5651498 July 1997 Meyer
7364353 April 2008 Kolk
7784705 August 2010 Kasper et al.
7836712 November 2010 Sasao
7908117 March 2011 Steinberg
8463444 June 2013 George
2005/0235660 October 2005 Pham
2009/0099699 April 2009 Steinberg et al.
2011/0051823 March 2011 Imes et al.
Primary Examiner: Jules; Frantz
Assistant Examiner: Shaikh; Meraj A.
Attorney, Agent or Firm: Perry + Currier Inc.

Claims



What is claimed is:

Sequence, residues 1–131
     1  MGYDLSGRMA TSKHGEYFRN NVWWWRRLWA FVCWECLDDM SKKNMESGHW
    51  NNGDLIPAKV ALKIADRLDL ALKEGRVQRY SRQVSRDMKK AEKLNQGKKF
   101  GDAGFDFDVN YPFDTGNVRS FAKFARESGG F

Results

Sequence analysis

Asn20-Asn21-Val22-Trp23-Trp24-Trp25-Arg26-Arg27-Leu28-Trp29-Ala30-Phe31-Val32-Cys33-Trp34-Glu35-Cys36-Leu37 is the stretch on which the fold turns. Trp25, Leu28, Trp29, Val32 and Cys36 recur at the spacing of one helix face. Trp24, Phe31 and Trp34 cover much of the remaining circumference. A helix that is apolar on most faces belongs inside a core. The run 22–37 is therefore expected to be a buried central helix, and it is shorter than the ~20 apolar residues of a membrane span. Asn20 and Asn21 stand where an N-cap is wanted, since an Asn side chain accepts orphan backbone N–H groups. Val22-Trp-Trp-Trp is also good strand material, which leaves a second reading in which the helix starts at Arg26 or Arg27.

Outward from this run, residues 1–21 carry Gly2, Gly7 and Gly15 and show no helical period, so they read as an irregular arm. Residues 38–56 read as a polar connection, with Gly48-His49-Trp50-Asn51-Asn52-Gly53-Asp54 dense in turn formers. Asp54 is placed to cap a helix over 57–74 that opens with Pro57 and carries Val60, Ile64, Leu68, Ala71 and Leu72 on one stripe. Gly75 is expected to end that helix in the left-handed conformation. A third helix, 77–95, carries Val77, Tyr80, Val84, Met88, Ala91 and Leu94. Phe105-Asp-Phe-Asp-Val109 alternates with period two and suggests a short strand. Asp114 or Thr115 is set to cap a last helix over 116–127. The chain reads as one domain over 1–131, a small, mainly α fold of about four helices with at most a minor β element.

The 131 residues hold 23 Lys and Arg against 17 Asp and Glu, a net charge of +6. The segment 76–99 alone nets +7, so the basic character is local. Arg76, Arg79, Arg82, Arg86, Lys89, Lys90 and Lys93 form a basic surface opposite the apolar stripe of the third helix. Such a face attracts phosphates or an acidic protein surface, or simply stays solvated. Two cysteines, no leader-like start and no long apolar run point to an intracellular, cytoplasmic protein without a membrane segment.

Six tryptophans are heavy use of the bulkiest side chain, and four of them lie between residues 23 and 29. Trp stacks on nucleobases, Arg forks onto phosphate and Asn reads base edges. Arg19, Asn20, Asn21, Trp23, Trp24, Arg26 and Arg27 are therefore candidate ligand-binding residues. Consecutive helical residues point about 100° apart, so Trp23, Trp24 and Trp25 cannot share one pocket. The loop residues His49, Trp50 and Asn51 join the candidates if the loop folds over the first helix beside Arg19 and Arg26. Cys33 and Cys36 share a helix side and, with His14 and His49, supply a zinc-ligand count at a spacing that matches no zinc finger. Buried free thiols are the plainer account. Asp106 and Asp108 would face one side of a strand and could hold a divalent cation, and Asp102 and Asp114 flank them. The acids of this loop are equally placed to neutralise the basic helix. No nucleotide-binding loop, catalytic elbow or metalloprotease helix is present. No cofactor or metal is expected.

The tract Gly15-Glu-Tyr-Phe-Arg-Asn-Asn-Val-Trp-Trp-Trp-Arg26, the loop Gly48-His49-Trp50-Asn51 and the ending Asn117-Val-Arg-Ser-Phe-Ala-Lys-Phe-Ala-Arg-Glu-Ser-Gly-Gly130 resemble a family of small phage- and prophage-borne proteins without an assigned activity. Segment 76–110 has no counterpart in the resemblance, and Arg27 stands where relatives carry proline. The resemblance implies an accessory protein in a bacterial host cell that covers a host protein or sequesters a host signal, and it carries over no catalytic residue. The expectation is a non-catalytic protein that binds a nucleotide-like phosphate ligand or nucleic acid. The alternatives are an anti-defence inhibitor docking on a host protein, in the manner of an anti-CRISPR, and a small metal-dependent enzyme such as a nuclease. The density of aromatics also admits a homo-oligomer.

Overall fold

1. A controller for operating HVAC equipment on a premise defined at least in part by a window panel, the controller having a processor and memory, wherein the controller is operable to receive a set of internal temperature values, the set of internal temperature values comprising a current internal temperature value representing a current internal temperature within the premise and a future internal temperature value set in the controller, the future internal temperature value representing a future temperature to be attained within the premise; the controller operable to receive a set of external temperature values, the set of external temperature values comprising a current external temperature value representing a current temperature outside the premise, at least one historical external temperature value representing a historical temperature outside the premise, and at least one forecasted external temperature value representing a forecasted temperature outside the premise received from a weather feed provided over a network; the controller is operable to determine a lowest internal temperature value from the set of internal temperature values and to identify the lowest internal temperature value as a predictive internal temperature value and to determine a lowest external temperature value from a subset of the set of external temperature values and to identify the lowest external temperature value from the subset as a predictive external temperature value; the controller is operable to receive an internal humidity value representing humidity within the premise, the controller further being operable to control the HVAC equipment to modify the humidity within the premise when the received internal humidity value is different from a humidity set point stored in the controller; and the humidity set point is regulated by a humidity limit value, the humidity limit value being the lowest humidity value where condensation would form on the window panel, the humidity limit value being calculated using the predictive internal temperature value and the predictive external temperature value.